Kernel preemption

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Kernel preemption is a method used mainly in monolithic and hybrid kernels where all or most device drivers are run in kernel space, whereby the scheduler is permitted to forcibly perform a context switch (i.e. preemptively schedule; on behalf of a runnable and higher priority process) on a driver or other part of the kernel during its execution, rather than co-operatively waiting for the driver or kernel function (such as a system call) to complete its execution and return control of the processor to the scheduler.[1][2][3][4]

There are two main benefits to this method in monolithic and hybrid kernels, and answer one of the main criticisms of monolithic kernels from microkernel advocates, which is that:

  • A device driver can enter an infinite loop or other unrecoverable state, crashing the whole system.[1]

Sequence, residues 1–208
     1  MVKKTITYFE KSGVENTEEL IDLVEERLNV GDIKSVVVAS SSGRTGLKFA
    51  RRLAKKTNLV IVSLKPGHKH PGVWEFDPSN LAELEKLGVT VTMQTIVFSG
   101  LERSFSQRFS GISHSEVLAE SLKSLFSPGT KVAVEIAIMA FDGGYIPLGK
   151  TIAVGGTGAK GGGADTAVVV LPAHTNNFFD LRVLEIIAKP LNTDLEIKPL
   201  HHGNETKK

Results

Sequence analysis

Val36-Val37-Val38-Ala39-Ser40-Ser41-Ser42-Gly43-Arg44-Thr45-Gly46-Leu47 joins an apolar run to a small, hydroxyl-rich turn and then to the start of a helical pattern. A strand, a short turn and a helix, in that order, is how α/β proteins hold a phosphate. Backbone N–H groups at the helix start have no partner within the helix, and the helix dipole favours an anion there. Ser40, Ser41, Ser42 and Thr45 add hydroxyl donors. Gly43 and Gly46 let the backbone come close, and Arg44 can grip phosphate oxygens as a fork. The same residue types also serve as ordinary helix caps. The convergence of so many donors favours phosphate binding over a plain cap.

• Some drivers and system calls on monolithic kernels are slow to execute, and cannot return control of the processor to the scheduler or other program until they complete execution.[2]

See also[edit]

References[edit]

  1. ^ a b "Preemption under Linux". kernelnewbies.org. 2009-08-22. Retrieved 2016-06-10.
  2. ^ a b Jonathan Corbet (2003-02-24). "Driver porting: the preemptible kernel". LWN.net. Retrieved 2016-06-10.
  3. ^ "FreeBSD Architecture Handbook, Chapter 8. SMPng Design Document, Section 8.3. General Architecture and Design". freebsd.org. Retrieved 2016-06-10.
  4. ^ Robert Love (2002-05-01). "Lowering Latency in Linux: Introducing a Preemptible Kernel". Linux Journal. Retrieved 2016-06-10.